The United Nations’ former envoy to Libya, Ghassan Salame attacked the Security Council on Wednesday, saying he had been “stabbed in the back” and accused the member states of “hypocrisy”.
According to an Agence France-Presse (AFP) report, the former UN envoy said the “deregulated” international system was now such that “leaders of important countries do not feel any scruples” about making false statements.
Salame added that the situation in Libya had showed a collapse in “multilateralism” and international cooperation, with the UN becoming “a theater of the absurd”.
Asked what his message was to the countries responsible, he said: “I’m very angry!”
Salame announced his resignation in March, citing health reasons, nearly three years after taking up the post. He resigned almost a year after warlord Khalifa Haftar launched an offensive in April 2019 to seize the capital Tripoli, seat of the UN-recognized Government of National Accord (GNA).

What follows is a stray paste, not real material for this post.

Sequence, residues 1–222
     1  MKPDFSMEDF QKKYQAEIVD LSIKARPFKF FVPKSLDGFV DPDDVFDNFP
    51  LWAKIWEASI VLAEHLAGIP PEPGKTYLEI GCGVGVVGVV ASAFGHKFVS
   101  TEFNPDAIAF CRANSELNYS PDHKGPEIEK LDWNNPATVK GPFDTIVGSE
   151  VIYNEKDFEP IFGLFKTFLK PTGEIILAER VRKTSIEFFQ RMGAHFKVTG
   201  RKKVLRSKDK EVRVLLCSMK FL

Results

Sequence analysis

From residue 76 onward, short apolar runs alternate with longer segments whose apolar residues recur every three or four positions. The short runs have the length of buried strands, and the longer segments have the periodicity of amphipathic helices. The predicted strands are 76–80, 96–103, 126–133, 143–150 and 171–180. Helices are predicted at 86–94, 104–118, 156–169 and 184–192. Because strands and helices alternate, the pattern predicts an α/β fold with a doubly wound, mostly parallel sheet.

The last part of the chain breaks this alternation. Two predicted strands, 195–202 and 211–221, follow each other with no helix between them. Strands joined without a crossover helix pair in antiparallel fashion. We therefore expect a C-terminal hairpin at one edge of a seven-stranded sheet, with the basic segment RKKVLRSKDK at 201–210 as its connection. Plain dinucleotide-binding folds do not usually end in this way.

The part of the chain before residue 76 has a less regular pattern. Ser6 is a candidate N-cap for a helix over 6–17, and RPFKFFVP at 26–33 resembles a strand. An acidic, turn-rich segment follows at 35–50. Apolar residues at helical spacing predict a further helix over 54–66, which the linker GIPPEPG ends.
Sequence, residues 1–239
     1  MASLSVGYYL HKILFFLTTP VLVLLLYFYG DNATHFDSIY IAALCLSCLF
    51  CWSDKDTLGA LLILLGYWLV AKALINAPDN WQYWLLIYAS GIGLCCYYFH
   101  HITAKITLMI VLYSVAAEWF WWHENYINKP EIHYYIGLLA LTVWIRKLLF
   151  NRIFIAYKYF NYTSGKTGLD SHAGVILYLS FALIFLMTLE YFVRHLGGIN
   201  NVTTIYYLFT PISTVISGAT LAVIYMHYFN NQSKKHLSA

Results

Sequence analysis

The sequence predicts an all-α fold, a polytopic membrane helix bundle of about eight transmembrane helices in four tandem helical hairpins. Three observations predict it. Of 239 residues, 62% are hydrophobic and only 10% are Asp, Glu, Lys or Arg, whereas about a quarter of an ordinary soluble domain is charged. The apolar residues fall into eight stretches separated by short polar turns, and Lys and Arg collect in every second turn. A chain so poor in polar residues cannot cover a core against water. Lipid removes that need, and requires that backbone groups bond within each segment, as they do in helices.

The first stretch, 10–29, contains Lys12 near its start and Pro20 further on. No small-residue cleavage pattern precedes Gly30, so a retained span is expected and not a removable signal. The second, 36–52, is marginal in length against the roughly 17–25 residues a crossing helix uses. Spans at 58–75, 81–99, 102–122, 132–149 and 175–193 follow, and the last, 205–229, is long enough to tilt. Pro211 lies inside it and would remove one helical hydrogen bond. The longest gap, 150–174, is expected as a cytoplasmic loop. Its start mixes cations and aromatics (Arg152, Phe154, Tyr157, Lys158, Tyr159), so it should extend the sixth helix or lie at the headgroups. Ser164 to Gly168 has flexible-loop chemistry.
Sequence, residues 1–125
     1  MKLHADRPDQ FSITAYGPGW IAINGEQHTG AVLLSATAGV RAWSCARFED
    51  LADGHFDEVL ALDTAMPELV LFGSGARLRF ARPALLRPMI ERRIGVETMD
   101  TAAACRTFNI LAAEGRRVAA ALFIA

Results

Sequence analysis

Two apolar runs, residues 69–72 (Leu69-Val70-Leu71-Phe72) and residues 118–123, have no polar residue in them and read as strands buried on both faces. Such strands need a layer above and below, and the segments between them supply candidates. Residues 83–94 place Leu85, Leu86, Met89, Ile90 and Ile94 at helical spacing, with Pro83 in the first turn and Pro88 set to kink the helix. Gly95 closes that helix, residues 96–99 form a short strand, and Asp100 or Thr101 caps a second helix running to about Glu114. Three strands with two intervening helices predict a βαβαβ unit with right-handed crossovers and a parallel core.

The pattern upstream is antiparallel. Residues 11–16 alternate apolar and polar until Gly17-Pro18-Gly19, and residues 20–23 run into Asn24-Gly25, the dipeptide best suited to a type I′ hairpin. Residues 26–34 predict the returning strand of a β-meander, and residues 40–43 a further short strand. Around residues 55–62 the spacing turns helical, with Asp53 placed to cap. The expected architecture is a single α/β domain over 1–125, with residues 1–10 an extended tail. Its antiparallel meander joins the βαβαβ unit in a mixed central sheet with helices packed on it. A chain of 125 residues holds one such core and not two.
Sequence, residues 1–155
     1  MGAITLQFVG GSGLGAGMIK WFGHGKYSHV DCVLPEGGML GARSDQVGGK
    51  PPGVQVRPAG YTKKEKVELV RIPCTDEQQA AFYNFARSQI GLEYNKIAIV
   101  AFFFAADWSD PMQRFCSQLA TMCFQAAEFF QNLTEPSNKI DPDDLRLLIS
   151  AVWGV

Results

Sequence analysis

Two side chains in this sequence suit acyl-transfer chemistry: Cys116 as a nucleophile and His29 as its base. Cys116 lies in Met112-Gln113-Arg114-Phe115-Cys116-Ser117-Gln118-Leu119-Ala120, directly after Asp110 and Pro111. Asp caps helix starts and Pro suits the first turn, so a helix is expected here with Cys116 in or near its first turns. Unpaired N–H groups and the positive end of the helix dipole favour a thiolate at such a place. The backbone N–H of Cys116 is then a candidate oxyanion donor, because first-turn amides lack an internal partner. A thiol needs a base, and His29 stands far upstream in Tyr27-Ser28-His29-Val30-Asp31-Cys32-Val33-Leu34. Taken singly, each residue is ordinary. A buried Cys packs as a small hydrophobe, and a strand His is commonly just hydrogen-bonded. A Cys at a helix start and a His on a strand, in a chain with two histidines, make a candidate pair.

Speaking to the Center for Humanitarian Dialogue (HD), a Swiss-based private diplomacy organisation, Salame said Wednesday he had felt “irrelevant” and “stabbed in the back by most of the Security Council members because, the day he attacked Tripoli, Haftar had most of them supporting him.”
Salame said Haftar’s offensive had halted peace efforts the UN had been preparing for a year. He said “important countries” — which he did not name — had been “plotting” to prevent the conference from taking place.
“They didn’t want it to happen,” he said.
“You could see clearly that Haftar was confident that a number of big powers were supporting this attack and he mentioned some of them by name. He even quoted from conversations he had with their leaders,” Salame added.
“That’s where you felt, as the UN, that the hypocrisy of countries at this stage has reached limits that make your work very problematic.” Salame indicated, according to AFP.